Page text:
Set your budget. Petitions and polls are another creative option for your client to engage with the public. Depending on how large you want your soapbox to be, it may pay to spring for a third-party app to use on social media sites. There are apps for all price points and varying degrees of visibility. Care2, a popular petition website, allows for free and paid petitions to help promote your cause. If you have access to a large budget, Wildfire by Google is another company that provides high-quality content for use on Facebook, creating campaigns from start to finish.

Have a preparedness plan. When you open a public forum, especially one like a petition, be sure to have a plan in place if public opinion takes an unexpected turn or if your petition is lacking respondents. These developments can impact the media’s interest in your campaign and having a contingency plan in place can help move attention from negative to positive.

Overall, adding a survey, poll or petition to a campaign is an interesting way to add depth to a PR plan. Not only does it allow the company to hear valuable public opinion about their industry and company specifically, but it allows them to speak to different media audiences. When looking to break from the routine press release, consider adding one of these tools! Have you used something similar recently? Tell us about it in the comments.

Boston Marathon Tragedy Brings Out The Best, And Worst, In Journalism


Covering a breaking news story may be the toughest media job there is. But as Jay Rosen points out, it’s also an opportunity for highly trained, seasoned journos to do what they should do best – report the facts and capture the experience of those present. Sadly, many fail the test.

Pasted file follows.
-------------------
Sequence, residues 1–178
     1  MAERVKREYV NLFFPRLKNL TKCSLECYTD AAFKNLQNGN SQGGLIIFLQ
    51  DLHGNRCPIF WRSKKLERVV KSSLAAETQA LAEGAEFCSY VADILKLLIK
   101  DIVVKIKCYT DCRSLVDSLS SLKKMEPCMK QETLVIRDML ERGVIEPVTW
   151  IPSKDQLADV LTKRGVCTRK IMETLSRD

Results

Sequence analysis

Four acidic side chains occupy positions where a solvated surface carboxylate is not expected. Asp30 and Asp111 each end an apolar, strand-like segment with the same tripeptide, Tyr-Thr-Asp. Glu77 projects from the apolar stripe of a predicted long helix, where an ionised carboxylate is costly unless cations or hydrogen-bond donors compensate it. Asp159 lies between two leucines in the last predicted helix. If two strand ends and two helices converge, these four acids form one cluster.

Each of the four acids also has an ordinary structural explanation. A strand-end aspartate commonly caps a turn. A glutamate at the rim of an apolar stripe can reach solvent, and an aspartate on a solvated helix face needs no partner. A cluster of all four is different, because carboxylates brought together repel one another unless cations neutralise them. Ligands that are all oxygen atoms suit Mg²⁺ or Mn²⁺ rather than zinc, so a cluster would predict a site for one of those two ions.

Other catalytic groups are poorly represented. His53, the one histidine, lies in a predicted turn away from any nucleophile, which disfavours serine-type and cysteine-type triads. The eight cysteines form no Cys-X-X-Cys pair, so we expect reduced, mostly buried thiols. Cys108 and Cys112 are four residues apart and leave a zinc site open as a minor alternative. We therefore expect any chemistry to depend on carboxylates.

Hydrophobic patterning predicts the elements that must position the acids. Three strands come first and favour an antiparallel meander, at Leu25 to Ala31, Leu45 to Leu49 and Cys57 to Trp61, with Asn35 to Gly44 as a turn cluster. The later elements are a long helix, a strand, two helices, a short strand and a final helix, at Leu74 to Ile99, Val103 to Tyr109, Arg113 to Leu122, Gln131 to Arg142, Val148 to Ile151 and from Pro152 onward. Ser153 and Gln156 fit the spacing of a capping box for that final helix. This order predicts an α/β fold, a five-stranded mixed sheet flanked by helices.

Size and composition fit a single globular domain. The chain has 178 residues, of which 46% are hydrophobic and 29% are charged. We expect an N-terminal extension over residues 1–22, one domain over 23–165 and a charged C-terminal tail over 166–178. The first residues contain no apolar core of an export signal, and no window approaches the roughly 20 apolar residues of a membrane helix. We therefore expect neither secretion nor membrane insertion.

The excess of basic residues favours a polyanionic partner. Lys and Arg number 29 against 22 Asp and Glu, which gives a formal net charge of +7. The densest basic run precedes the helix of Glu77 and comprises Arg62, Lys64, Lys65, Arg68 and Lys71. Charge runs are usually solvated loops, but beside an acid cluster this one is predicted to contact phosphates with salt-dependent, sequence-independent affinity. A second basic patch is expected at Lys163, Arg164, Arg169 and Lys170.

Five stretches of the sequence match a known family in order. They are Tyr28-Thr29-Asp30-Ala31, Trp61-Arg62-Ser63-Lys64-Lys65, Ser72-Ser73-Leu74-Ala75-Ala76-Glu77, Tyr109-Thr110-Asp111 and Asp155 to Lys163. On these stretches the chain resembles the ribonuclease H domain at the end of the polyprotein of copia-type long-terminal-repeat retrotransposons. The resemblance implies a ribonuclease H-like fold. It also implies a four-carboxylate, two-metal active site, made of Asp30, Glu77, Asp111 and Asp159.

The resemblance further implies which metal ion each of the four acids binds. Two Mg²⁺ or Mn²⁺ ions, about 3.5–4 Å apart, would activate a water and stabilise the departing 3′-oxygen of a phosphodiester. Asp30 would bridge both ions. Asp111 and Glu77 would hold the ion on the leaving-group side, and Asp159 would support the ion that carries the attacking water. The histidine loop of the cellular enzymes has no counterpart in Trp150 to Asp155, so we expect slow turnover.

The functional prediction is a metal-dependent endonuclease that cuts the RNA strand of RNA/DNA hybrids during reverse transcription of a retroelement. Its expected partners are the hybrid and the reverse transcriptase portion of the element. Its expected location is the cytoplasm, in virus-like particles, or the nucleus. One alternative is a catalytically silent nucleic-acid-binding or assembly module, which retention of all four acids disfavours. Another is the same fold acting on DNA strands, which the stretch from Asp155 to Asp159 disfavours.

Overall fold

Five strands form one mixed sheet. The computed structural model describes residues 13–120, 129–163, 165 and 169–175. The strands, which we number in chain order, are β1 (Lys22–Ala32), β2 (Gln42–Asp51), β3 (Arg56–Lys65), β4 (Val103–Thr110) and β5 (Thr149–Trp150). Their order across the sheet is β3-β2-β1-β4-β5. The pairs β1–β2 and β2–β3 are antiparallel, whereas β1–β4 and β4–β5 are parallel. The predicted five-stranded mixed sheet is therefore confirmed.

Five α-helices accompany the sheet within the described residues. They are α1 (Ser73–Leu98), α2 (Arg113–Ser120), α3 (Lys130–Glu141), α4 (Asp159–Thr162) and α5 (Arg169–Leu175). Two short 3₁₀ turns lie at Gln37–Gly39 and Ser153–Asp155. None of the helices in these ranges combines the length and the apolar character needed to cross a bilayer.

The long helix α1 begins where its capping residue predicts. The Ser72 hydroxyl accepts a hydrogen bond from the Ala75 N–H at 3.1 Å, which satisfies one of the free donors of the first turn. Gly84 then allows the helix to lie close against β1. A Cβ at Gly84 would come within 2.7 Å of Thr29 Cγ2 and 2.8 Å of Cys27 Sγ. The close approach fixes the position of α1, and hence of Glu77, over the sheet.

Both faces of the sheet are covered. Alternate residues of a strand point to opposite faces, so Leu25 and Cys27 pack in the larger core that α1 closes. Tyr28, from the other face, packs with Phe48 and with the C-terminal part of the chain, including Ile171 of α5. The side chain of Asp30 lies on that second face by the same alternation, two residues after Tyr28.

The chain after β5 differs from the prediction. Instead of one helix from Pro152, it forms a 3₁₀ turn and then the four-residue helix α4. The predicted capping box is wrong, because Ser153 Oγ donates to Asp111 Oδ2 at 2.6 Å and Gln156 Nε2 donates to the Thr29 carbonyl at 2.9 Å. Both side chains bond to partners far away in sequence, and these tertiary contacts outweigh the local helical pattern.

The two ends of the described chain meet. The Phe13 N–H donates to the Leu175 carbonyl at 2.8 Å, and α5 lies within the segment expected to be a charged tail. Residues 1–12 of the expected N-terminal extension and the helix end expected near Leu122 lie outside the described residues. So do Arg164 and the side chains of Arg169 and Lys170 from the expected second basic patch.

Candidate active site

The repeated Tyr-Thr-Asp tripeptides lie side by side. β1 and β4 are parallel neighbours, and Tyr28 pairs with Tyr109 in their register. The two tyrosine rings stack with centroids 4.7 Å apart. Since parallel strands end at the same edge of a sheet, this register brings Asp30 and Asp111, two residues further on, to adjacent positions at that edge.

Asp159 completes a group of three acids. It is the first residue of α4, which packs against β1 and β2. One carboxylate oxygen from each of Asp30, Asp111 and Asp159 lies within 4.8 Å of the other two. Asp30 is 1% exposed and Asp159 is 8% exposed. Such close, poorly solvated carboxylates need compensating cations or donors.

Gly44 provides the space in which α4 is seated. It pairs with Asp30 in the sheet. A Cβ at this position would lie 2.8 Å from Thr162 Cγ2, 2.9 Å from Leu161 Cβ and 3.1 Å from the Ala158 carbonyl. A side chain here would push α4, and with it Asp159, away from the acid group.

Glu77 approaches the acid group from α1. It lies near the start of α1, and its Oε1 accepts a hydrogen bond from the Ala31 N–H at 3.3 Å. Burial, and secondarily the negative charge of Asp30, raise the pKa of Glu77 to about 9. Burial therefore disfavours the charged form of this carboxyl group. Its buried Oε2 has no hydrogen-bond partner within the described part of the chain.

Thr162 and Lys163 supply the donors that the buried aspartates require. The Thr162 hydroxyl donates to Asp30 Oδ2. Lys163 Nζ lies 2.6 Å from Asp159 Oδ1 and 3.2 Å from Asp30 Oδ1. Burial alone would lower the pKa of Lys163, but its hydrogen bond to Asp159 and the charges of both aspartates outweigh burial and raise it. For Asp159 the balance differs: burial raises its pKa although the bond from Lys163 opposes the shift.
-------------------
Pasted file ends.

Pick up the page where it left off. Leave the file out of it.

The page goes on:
The Boston Marathon bombing was one such example. I’m sure there were examples of fine reporting yesterday;  I just didn’t see them. I did see the 10-minute press conference with Mass General’s trauma surgeon Peter Fagenholz. It was nearly unwatchable, and not just because of the tragic circumstances.

The media scrum outside the hospital was like an aggressive White House press gaggle, with reporters shouting questions seemingly without any forethought. To his credit, Dr. Fagenholz handled it like a champ, but even his calm refusal to stray from the facts didn’t alter the mood, which one media observer called “bloodlust.” To me, it was more like amateur hour.

The questions ranged from redundant and silly to downright embarrassing. One reporter asked Fagenholz if the eight patients classified as critical cases “would be okay,” forcing the good doctor to explain the meaning of the word “critical.” He also had to respond drily that, no, he was not trained by the Israeli army, in answer to a shouted media question that was faintly tinged with hysteria.

Dr. Fagenholz was respectful throughout the press onslaught but had a trace of scorn in his voice when, after being asked for the fourth time if all victims had been identified and responding that he did not know, he said he had interrupted his surgeries to “come out and talk to you” and would have to get back to work. (Dr. F. is my new hero.)

Earlier, I caught a local New York reporter taping a standup near Copley. While cautioning that “no one wants to compare the bombing with 9/11,” he reminded us darkly that “in fact, one of the American Airlines flights that crashed into the towers started in Boston.” Huh?

As with the tragedy in Newtown, many published facts were simply not true, and some were dangerously misleading. Boston authorities never asked cell phone carriers to shut down service, as was widely reported.

Most egregiously, The New York Post headline blaring, “12 Dead, At Least 50 Injured” wasn’t retracted even hours after it ran. Finally, the headline was changed, but the inaccurate death toll was still in the story late Monday night.

It’s bad enough that, just hours after the tragedy, conspiracy crackpots were trying to claim it was a “false flag” attack, or government plot. But “real” journalists should be able to cover even the most challenging breaking news story with greater professionalism. Is it getting worse, or am I just getting old?

Is Voicemail Over?